If you are having any symptoms or have any questions, please call 811 to speak with a registered nurse 24 hours a day.
There are several kinds of ticks, but only the blacklegged tick carries the bacteria and virus that cause tick borne diseases, such as Lyme disease.
Ticks like moist and humid environments and can be found in or near woods, shrubs, leaf litter, long grass, urban parks and gardens. They are very small, which makes them hard to spot and their bites don’t hurt, which makes it difficult to know when you’ve been bitten.
Tick-borne illnesses are preventable by taking some simple precautions.
Reduce your risk
- Wear long pants and long sleeves in areas likely to have ticks
- Wear light coloured clothing – it’s easier to see ticks
- Wear enclosed shoes and tuck your pants into your socks
- Walk on well-travelled paths, avoiding long grass and vegetation
- Apply insect repellents containing DEET or Icaridin to exposed skin and clothes. Follow directions on the package carefully. Permethrin treated clothing repels and kills ticks when they come in contact with it and is now registered for use in Canada for those 16 years of age and older.
Check for ticks
- Check yourself and your family for ticks after being outside
- Having a bath or shower within two hours of coming inside makes it easier to spot ticks and wash off unattached ticks
- Ticks like warm places on the body. Remember to check:
- around ears
- behind knees
- in the hair
- between the legs/groin area
- around the waist
- If you see a tick, remove it safely (see below)
- If you have pets that spend time outside, make tick-checks part of your daily routine. Dogs can’t transmit tick-borne illnesses to people, but ticks are hitchhikers. They can enter your home on your pet and move to you or another family member.
- Put clean and dry outdoor clothes in a dryer on high heat for at least 10 minutes to kill any remaining ticks
Remove a tick safely
- Carefully grasp the tick with tweezers – the pointier, the better – as close to the skin as possible
- Gently and slowly pull the tick straight out of the skin. Do not jerk, twist or squeeze it
- Once the tick is removed, clean the area of the bite with soap and water or alcohol hand sanitizer.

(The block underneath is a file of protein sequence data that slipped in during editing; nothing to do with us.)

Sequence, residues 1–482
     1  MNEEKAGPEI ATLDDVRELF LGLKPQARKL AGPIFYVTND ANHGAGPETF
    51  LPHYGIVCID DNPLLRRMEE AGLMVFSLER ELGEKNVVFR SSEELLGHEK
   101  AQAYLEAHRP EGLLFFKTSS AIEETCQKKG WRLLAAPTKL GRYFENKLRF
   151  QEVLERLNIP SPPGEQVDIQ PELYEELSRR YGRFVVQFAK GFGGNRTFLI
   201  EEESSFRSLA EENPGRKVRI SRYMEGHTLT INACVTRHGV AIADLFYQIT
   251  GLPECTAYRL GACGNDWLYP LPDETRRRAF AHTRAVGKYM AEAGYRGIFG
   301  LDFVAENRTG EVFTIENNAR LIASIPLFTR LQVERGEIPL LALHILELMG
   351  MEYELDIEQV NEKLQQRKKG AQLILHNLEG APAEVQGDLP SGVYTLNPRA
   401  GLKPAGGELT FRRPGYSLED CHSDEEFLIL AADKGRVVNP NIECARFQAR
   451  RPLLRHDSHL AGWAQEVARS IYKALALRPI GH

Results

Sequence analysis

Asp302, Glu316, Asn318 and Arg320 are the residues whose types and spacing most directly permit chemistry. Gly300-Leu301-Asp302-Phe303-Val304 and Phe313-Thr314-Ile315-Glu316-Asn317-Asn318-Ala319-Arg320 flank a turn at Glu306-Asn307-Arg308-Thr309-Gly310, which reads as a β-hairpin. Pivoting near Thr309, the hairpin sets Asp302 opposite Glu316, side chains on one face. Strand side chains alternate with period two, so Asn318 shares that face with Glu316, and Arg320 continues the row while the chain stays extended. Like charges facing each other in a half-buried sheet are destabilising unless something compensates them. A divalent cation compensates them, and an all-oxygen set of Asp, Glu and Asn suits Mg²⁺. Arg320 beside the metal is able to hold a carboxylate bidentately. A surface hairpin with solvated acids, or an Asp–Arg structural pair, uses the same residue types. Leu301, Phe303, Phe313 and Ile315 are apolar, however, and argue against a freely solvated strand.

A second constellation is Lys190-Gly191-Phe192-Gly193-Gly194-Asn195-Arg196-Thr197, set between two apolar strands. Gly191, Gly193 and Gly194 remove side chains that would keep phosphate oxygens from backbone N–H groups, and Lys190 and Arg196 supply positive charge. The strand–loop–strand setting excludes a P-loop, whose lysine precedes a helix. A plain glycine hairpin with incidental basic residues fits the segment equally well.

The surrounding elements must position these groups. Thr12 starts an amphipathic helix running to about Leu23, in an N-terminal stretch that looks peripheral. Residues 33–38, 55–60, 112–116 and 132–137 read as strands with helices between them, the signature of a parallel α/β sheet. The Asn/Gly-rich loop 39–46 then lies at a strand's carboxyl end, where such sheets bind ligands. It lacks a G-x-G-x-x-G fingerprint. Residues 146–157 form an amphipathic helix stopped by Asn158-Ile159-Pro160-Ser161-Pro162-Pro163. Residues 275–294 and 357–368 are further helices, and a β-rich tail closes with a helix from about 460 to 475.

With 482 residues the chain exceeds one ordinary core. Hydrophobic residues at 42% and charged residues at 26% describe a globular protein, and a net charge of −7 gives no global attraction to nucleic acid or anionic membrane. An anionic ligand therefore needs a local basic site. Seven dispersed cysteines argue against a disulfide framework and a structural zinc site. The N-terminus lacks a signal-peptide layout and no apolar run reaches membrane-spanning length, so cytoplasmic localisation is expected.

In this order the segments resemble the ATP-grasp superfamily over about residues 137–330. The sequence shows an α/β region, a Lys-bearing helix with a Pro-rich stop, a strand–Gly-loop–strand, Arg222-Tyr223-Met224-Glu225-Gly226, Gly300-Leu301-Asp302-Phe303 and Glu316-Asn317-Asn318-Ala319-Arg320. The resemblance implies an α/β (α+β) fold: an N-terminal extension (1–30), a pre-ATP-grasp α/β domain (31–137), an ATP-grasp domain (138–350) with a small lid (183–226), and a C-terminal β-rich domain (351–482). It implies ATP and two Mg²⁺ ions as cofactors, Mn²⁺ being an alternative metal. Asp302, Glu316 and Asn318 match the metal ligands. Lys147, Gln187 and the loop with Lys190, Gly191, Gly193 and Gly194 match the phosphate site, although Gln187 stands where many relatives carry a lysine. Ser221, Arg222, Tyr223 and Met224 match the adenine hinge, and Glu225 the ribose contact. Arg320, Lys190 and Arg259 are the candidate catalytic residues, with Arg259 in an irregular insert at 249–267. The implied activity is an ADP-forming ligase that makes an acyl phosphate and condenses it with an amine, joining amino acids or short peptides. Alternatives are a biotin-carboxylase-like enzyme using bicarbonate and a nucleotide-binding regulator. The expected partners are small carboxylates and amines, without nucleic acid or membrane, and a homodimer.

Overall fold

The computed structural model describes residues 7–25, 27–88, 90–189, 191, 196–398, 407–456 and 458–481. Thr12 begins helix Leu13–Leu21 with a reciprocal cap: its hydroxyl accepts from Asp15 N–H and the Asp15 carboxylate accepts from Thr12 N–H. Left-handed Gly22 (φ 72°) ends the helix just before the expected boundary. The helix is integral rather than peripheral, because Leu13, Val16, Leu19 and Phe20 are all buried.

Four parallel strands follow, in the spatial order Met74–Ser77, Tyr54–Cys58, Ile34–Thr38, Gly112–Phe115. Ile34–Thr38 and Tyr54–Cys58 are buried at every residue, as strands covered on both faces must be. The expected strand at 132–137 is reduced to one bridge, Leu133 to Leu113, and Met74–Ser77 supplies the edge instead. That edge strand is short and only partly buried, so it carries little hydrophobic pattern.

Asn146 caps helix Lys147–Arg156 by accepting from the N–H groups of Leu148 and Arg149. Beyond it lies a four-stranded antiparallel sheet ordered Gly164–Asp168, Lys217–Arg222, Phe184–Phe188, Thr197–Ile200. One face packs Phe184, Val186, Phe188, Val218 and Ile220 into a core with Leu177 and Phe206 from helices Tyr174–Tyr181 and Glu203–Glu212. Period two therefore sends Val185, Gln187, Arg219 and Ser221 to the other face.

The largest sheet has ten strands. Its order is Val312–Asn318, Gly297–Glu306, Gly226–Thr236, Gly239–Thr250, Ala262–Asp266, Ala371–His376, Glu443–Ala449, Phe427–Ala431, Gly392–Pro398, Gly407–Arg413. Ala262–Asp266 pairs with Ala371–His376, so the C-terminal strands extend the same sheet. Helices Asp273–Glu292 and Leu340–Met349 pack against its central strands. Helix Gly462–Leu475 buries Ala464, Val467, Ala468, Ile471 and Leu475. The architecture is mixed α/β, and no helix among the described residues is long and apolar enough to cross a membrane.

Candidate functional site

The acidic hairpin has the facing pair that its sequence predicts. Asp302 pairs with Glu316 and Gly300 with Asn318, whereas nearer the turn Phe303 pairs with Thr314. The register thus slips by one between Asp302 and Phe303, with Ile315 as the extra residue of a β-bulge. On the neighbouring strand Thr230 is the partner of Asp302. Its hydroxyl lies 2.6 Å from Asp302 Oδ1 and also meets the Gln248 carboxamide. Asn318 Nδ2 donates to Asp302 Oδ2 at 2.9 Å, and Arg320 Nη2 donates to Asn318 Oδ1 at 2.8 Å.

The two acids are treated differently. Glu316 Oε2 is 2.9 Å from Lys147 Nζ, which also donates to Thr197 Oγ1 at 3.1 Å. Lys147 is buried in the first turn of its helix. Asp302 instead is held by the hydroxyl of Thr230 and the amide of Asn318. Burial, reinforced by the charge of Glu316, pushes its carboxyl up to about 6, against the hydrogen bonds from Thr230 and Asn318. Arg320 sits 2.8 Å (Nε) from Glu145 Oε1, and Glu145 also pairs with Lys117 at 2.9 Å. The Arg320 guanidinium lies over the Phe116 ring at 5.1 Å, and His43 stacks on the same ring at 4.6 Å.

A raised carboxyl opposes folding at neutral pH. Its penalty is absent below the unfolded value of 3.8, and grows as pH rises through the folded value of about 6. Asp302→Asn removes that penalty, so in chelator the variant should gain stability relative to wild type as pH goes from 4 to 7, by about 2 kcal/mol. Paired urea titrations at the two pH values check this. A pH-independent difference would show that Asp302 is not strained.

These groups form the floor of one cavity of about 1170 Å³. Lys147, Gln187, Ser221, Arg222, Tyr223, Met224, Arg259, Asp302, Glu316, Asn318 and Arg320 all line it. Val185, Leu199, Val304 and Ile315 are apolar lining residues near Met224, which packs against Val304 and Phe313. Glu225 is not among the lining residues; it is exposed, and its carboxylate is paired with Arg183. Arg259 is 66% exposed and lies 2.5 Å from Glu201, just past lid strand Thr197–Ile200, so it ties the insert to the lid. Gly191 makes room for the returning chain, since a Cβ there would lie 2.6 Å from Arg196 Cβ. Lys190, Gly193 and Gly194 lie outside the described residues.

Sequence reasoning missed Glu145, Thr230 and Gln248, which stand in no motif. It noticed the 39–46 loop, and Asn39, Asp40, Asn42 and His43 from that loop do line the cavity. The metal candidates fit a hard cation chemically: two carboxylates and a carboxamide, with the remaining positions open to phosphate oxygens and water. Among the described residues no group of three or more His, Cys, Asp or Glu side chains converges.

- Make a note of the date and where on the body the bite occurred. This will be important if you, or a loved one, begin to feel unwell.
Disposal of ticks
Once removed, flush the tick down toilet, drown in rubbing alcohol or freeze in a plastic sealed bag prior to putting in the garbage. Avoid crushing ticks with exposed fingers.
To have a tick identified please visit eTick.ca for more information.
In Prince Edward Island, if a tick is removed from a human and is intact, it can be submitted by the person to any of the hospitals across the Island to be sent to the provincial lab for identification. A health care provider does not need to be involved in the submission of this tick. Bags and requisitions will be available at the labs. If the tick is identified as a blacklegged (deer) tick it will be sent to the National Microbiology Lab in Winnipeg to determine if the tick is positive for Borrelia burgdorferi. The test results will be confirmed in 6 to 8 weeks and your primary care provider, or if unavailable, the lab will contact you if the tick tested positive.
Signs and symptoms of Lyme disease
Only the blacklegged tick can transmit Lyme disease, and in most cases, a tick carrying the bacteria that can cause Lyme disease must attach and feed for at least 24 hours before the bacteria can be transmitted. Lyme disease is treatable with a short course of antibiotics.
Symptoms of Lyme disease include:
- Rash (sometimes shaped like a bull’s eye)
- Muscle aches
- Joint pain
These symptoms may appear in stages, or over time. If you’ve been exploring outdoors, especially in wooded areas, forests, areas where long grasses and/or shrubs are present, or have found a tick on your body, and show these symptoms, see a healthcare provider.
Government of Nova Scotia
Government of Prince Edward Island
Department of Health and Wellness